Scalable Vector Graphics are a graphic format that store the specified shapes within an XML file, which then gets rendered by an SVG viewer. In the modern age, majority of web browsers are capable of displaying SVG content just like they would display the regular image filetypes.

I recommend browsing the Can I use… page to find out which browsers, and mobile devices are fully compatible with SVG. By taking a quick look, it seems that only the really new versions of browsers and operating systems are supporting the format, but it also comes down to features that we’re looking up.

Today, I’d like to go over some of the most popular books on the SVG subject. You won’t be finding very much books on this topic right now, but I’ve heard a few people saying that they’re looking to write books about SVG, and surely there will be the demand for them – so as long as the quality, and freshness of the content can live up to the standards.

1. SVG Pocket Guide

Joni Trythall took it to Kickstarter to get her project funded, and it looks from here that she was right, the project was a success, and only two months after her initial campaign – the book has been published, and is now available for purchase to anyone.

Getting into the world of inline SVG can be vast and intimidating. It’s difficult to understand where to start and get a handle on all the syntax involved. This “pocket” sized guide provides designers and developers with the base knowledge needed to get started with writing SVG and better understand its overall syntax and behavior through clear examples (with fruit images!) and quick descriptions of properties and attributes.

The book covers all the nifty basics of SVG, and because there are lots of examples, snippets and explanations to look at – Joni decided to call it a ‘pocket guide’, something that you can carry around with you at all times. Well, on your digital devices anyway!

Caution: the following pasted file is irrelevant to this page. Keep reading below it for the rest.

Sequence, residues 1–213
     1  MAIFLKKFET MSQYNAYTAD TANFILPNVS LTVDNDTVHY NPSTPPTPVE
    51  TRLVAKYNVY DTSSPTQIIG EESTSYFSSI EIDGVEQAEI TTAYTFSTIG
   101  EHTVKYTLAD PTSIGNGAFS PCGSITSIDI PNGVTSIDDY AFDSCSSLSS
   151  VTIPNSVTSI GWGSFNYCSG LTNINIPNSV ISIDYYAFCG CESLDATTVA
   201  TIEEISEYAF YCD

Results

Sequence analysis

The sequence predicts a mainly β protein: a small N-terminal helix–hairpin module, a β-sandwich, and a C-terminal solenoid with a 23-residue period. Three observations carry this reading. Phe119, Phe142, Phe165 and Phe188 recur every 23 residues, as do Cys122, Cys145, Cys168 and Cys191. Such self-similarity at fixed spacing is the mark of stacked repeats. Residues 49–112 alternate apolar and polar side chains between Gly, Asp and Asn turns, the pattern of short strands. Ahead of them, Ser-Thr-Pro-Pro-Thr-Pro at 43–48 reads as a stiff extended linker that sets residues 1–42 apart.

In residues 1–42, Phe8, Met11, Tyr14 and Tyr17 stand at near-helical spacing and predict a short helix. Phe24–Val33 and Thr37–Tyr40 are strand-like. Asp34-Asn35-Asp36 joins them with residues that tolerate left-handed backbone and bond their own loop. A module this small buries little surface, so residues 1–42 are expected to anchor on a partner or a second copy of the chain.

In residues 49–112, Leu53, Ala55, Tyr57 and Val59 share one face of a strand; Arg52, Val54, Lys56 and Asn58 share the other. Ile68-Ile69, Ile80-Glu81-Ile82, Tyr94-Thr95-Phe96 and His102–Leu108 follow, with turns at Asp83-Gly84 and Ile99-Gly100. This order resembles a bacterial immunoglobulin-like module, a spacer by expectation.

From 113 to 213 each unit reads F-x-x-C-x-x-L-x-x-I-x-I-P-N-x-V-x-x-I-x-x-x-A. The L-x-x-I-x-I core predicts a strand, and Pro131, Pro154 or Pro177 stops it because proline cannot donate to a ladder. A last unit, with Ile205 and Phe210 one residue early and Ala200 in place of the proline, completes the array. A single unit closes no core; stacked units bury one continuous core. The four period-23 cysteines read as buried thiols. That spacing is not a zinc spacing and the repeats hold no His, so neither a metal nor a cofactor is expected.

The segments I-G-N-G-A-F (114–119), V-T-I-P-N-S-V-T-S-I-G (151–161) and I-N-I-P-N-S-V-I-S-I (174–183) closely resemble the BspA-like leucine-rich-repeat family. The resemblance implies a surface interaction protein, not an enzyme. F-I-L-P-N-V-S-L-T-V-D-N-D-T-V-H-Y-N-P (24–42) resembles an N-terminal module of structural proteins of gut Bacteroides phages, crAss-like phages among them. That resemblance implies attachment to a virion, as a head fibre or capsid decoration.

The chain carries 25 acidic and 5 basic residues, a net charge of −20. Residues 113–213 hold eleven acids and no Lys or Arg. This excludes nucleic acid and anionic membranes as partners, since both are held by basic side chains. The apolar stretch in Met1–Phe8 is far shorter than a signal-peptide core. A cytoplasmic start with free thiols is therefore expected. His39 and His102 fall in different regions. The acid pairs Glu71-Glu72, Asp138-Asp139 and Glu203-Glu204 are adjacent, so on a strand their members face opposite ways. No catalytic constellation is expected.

2. SVG Compressed

I’ve not seen many developers recommend this book, but let me tell you – it’s one of the best books when it comes to mastering the fundamentals of SVG. The book is written in four parts, covering the basics, and the more advanced features of SVG. The book is full of examples making it easier to grasp the concepts explained in the book. The book is targeted at somewhat experienced web developers who already have a reasonable understanding of HTML, CSS and JavaScript (although you do not need to be an expert).

3. SVG Tessellation

I couldn’t find any reviews for this book, but after having a quick look myself – it seems a reasonable resource for beginners, definitely has the appeal to those who’re picture learners, as most of the books content is displayed trough pictures. Learn some, practice some, and eventually become a better developer!

4. Learning Raphaël JS Vector Graphics

Raphaël is an exceptional library that makes drawing vector graphics in the browser straightforward. It boasts a large number of methods that facilitate drawing and animating graphics, allowing developers to create flexible, interactive web applications and data visualizations.

In this book you’ll find advice, steps to take, and information on how to work with your pre-exisiting, and yet to build SVGs, as well as information on how to make your vectors more complex. You’ll become proficient in building complex drawings using SVG and Raphael. You’ll even learn how to add some interactive user stuff to your applications. Very, very resourceful book.

5. Sams Teach Yourself SVG in 24 Hours